Home The Intersection of Health Administration and Mental Health Treatment

The Intersection of Health Administration and Mental Health Treatment

One disconcerting word seems to keep coming up in public discourse about health in the United States: crisis.

An opioid crisis. An obesity crisis. A mental health crisis. The list goes on. These aren’t just hyperbolic headlines either. The crises are very real.

well being

The CDC reports that drug overdose fatalities have quadrupled since 1999. As of 2020, about 42% of American adults are obese. And according to the National Alliance on Mental Illness, one in five American adults experience mental health issues.

These might seem like separate issues with separate solutions, but what if they’re not? What if they’re all connected by a deeper psychological epidemic, one that requires an integrative approach to treatment that considers both the physical and psychological components of the human condition? What can the nation’s healthcare administrators do to combat an ever-changing foe?

According to Dr. Steven J. Szydlowski, professor and Health Administration Program Director at The University of Scranton, part of the solution may lie in a more integrative approach to healthcare administration and health administration overall.

“I think, unfortunately, our healthcare system has traditionally focused on codes that are tied to physical acute conditions,” Dr. Szydlowski said when he sat down to speak with HealthAdministrationDegrees.com.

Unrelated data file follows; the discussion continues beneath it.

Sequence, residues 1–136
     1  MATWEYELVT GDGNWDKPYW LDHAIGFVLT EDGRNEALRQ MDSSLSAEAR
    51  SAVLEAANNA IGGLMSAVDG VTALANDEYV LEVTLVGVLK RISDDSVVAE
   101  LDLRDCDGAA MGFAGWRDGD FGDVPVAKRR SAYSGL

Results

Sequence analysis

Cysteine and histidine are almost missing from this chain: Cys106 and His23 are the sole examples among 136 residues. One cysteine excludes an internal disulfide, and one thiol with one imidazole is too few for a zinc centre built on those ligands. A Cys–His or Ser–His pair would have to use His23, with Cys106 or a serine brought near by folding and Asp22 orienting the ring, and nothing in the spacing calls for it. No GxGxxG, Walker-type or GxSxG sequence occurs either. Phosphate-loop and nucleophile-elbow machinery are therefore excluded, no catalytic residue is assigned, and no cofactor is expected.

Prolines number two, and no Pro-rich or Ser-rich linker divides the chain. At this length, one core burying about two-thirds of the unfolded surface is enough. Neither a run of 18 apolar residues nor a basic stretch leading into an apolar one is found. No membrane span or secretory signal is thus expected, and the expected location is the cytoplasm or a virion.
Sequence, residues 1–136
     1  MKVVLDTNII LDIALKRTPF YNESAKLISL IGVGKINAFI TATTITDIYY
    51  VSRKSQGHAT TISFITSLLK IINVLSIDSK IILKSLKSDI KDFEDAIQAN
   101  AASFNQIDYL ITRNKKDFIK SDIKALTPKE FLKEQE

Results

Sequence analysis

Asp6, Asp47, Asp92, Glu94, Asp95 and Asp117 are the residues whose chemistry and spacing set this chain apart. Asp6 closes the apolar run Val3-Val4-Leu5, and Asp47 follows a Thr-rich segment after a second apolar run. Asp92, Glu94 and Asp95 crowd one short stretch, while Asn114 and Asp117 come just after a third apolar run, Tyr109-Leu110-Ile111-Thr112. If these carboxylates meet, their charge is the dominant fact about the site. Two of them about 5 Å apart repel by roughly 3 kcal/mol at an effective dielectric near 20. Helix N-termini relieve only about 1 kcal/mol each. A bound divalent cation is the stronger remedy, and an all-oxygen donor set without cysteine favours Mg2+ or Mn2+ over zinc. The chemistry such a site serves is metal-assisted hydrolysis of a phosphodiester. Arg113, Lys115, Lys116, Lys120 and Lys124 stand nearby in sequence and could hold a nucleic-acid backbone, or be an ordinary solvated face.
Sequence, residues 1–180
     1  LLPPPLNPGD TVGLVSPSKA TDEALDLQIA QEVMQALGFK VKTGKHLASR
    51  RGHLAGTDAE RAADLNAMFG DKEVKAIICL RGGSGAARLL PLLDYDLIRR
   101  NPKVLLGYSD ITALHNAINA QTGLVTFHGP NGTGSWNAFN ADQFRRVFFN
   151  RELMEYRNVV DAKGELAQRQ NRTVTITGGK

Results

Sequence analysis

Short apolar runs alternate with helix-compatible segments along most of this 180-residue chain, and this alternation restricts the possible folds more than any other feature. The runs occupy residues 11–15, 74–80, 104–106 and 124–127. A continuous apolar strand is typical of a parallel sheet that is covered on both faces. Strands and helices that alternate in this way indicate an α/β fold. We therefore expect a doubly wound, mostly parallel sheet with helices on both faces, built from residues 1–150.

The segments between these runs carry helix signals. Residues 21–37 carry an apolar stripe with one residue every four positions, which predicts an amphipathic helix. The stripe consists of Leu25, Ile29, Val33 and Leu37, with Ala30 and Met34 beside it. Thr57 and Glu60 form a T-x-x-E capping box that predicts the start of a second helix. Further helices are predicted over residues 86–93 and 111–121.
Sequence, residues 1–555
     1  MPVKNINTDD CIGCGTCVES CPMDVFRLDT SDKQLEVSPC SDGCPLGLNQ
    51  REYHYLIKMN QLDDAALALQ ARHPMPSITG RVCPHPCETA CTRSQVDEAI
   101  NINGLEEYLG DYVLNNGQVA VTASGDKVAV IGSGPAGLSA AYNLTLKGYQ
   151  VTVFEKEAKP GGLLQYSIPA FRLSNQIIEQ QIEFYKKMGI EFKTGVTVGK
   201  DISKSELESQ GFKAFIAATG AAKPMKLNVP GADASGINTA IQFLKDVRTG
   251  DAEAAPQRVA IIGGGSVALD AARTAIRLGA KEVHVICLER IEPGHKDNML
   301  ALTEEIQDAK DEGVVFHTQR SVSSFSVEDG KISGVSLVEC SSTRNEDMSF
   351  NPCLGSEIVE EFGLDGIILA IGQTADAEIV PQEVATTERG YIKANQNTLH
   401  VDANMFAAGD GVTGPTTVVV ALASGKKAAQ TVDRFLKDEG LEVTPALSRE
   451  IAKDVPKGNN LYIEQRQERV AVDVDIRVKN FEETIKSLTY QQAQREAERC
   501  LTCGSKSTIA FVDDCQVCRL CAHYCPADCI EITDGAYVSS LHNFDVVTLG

What this tells us is that the solution to America’s litany of health crises may rely on a healthcare system that’s willing to adopt a new philosophy and reorient its approach to patient care. This, of course, requires systemic change — change that could very well come from the next generation of informed, compassionate health administrators that promote mental health treatment.

Dr. Steven J. Szydlowski

dr. steven szydlowski

HealthAdministrationDegrees.com had the pleasure of speaking with Dr. Steven J. Szydlowski, MBA, MHA, DHA, a professor and MHA Program Director at The University of Scranton. 

After completing his MBA and MHA from The University of Scranton, he earned his Doctorate in Health Administration and Leadership at the Medical University of South Carolina. In his work outside of academia, he has been an executive at an integrative medicine clinic, a community hospital, and different physician group practices. In his research, he focuses on community health, health care management, and integrative medicine.